The number of children at risk has fallen slightly, but the level remains high

statistical evaluation
The number of children at risk has fallen slightly, but the level remains high

© Marina Andrejchenko / Adobe Stock

News in August that moves us: The number of children at risk has fallen slightly +++ Native mosquitoes can transmit serious diseases +++ Decisions in the Corona autumn are up to the federal states

The most important news in the BRIGITTE ticker

What moves the world? What moves the BRIGITTE editors? In this ticker we summarize the most important news for you in July.

August 11, 2022

Child endangerment count down slightly

In the first year of Corona, a sad high was reached in the number of children endangered. In the second year of 2021, the number has now slightly decreased. According to the Federal Statistical Office in Wiesbaden, more than 59,900 children and young people were found to be endangering their welfare through neglect, psychological, physical or sexual violence. That is 600 cases or one percent fewer than in 2020.

At the same time, however, the number of cases in which the authorities, after examining a corresponding suspicion, did not determine a danger to the child’s well-being, but found a need for help increased. With 67,700 cases and an increase of two percent, this is the highest level since the statistics were introduced ten years ago.

Almost half of the children at risk were under the age of eight, and one in four was under four. Up to the age of eleven, boys were more often affected by hazards, from the age of twelve most of those affected were girls. In total, the youth welfare offices received almost 200,000 indications of possible threats to the welfare of children last year. At 28 percent, most of the tips came from the police or the judicial authorities, 25 percent came from the general public. About a tenth of the tips came from the schools or the families themselves.

August 9, 2022

The native mosquito species also transmit diseases

A research team from the University of Hawaii concludes that extreme weather and climate change promote hundreds of diseases. They published the results in an overview article in the journal “Nature Climate Change”. Accordingly, the health risk in the course of global warming is increasing for 58 percent of the known pathogens. The researchers identified more than 1,000 possible connections between climate change-related events – such as drought, floods, warming, heavy rain – and the spread of diseases.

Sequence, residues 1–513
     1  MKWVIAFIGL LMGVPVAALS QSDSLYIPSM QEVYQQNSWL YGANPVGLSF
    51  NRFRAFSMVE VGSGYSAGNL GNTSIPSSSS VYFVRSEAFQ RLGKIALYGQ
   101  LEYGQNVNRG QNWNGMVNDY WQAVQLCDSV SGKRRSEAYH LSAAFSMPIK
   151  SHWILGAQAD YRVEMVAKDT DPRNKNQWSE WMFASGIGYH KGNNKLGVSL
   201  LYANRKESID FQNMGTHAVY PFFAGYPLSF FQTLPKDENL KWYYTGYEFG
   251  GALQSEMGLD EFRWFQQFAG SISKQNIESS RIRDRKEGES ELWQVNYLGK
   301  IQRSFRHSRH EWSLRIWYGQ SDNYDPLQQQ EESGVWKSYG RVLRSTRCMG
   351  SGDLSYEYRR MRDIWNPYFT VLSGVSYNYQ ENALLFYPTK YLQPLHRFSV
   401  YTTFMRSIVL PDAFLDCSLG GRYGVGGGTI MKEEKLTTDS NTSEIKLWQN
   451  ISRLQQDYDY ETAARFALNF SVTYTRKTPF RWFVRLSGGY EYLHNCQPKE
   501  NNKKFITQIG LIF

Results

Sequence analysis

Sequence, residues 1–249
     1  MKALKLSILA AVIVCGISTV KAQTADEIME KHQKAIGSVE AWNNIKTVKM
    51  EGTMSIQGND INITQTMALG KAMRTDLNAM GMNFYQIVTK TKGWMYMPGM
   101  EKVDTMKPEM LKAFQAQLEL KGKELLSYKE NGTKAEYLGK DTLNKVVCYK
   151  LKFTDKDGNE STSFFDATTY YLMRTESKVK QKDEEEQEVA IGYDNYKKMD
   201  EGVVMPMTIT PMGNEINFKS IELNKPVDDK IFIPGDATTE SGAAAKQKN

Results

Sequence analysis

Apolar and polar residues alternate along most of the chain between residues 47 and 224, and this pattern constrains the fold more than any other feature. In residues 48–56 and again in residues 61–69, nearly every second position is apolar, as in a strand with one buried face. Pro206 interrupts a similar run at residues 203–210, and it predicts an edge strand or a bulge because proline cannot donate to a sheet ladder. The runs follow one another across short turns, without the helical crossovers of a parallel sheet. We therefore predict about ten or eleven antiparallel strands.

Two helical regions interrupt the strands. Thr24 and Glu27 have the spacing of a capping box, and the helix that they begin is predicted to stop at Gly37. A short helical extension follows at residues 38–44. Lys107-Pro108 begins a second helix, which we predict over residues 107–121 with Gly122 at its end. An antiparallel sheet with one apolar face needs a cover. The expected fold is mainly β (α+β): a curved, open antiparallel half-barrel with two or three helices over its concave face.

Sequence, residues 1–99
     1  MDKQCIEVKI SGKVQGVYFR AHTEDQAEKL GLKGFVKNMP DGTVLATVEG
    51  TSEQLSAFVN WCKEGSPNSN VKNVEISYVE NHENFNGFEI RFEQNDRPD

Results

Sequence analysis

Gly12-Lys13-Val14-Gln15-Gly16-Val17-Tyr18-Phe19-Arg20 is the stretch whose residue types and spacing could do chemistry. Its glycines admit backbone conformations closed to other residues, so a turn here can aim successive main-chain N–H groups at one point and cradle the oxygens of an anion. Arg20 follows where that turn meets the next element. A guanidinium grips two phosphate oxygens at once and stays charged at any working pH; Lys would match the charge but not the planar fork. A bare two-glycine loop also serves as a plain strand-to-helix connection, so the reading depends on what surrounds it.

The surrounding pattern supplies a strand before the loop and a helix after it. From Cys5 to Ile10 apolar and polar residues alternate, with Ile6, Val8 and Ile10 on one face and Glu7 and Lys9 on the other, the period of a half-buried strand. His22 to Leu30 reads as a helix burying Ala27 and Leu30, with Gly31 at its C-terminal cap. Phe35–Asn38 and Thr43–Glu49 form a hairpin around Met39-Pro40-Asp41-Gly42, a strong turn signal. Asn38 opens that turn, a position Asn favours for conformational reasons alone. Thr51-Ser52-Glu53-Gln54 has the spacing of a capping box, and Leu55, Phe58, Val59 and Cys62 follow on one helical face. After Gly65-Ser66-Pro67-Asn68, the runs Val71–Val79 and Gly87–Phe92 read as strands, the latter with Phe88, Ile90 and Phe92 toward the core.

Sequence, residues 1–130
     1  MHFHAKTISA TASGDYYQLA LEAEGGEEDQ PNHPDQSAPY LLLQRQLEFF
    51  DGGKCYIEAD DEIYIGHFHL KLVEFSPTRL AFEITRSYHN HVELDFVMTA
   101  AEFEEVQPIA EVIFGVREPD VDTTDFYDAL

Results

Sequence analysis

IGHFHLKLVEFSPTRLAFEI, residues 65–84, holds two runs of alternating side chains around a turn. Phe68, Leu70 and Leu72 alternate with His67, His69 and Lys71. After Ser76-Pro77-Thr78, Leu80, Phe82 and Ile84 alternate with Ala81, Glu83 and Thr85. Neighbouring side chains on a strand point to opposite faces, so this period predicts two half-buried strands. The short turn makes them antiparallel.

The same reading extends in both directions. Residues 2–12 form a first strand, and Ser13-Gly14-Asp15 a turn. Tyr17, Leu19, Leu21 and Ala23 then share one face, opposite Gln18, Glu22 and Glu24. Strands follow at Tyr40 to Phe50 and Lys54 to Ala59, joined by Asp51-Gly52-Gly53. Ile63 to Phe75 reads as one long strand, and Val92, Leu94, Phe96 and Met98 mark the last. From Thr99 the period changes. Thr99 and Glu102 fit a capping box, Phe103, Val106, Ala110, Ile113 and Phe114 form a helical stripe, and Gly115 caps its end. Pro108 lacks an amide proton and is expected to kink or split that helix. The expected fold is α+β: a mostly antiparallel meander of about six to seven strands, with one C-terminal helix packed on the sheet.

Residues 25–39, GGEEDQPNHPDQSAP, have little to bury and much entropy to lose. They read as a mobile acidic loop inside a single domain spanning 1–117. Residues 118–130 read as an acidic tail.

For example, droughts push wild animals closer to residential areas, increasing the risk of zoonosis, i.e. the transmission of pathogens from animals to humans. Floods or storms, on the other hand, can force people to move to areas where they are more exposed to certain germs. In addition, higher temperatures can promote the spread of pathogens. This could be due, for example, to the fact that pathogenic algae, bacteria and mosquitoes multiply more quickly as carriers.

In Germany and Europe, the impact of climate change-related events on pathogens is already being observed, says Renke Lühken from the Bernhard Nocht Institute for Tropical Medicine. “Exotic mosquito species such as the Asian tiger mosquito are particularly responsible for outbreaks of chikungunya virus and dengue virus in the Mediterranean region.” But even native mosquitoes now carry serious diseases. They transmit, among other things, the dog skinworm or the West Nile virus.

August 4, 2022

The draft for the new Infection Protection Act is ready

The cornerstones for the new Infection Protection Act for the fall of the pandemic are hard-fought. Federal Health Minister Karl Lauterbach (SPD) would certainly have liked to have imposed a general mask requirement indoors from autumn, but the FDP rejected this. The compromise: the decision-making power is shifted to the federal states. The concept is divided into “winter tires”, i.e. the general rules set by the federal or state governments, and “snow chains”, i.e. the tightening measures if the situation becomes acute.

Under “Winter tires”, the federal government orders that travelers in long-distance and air traffic must wear an FFP2 mask, and staff must wear at least a medical mask. When visiting hospitals and care facilities, an FFP2 mask must still be worn and a test must be taken. Exceptions to the test: “Freshly” vaccinated or recovered people (maximum three months ago). The countries decide whether a mask should continue to be worn on public transport and generally indoors, restaurants and schools.

The “snow chains” are used when there is a specific threat to the health system. In this case, the federal government orders the wearing of a mask indoors and restaurants and testing before a visit. A mask requirement and the distance requirement should also apply at outdoor events.

August 2, 2022

Every second company complains about a shortage of skilled workers

Whether retail, construction or service providers – in Germany there is a lack of skilled workers. According to a survey by the Munich ifo Institute, 49.7 percent of companies were affected in July. “More and more companies are having to scale back their business because they simply can’t find enough staff,” says ifo labor market expert Stefan Sauer. The previous record was 43.6 percent in April this year.

At 54.2 percent, the services sector is most affected by the shortage of skilled workers, followed by manufacturing with 44.5 percent of companies complaining about a shortage. Among them are food manufacturers with 58.1 percent. Retail was hit at 41.9 percent, construction at 39.3 percent, and wholesale saw a shortage at 36.3 percent of businesses.

Even more news

That was the news in July.

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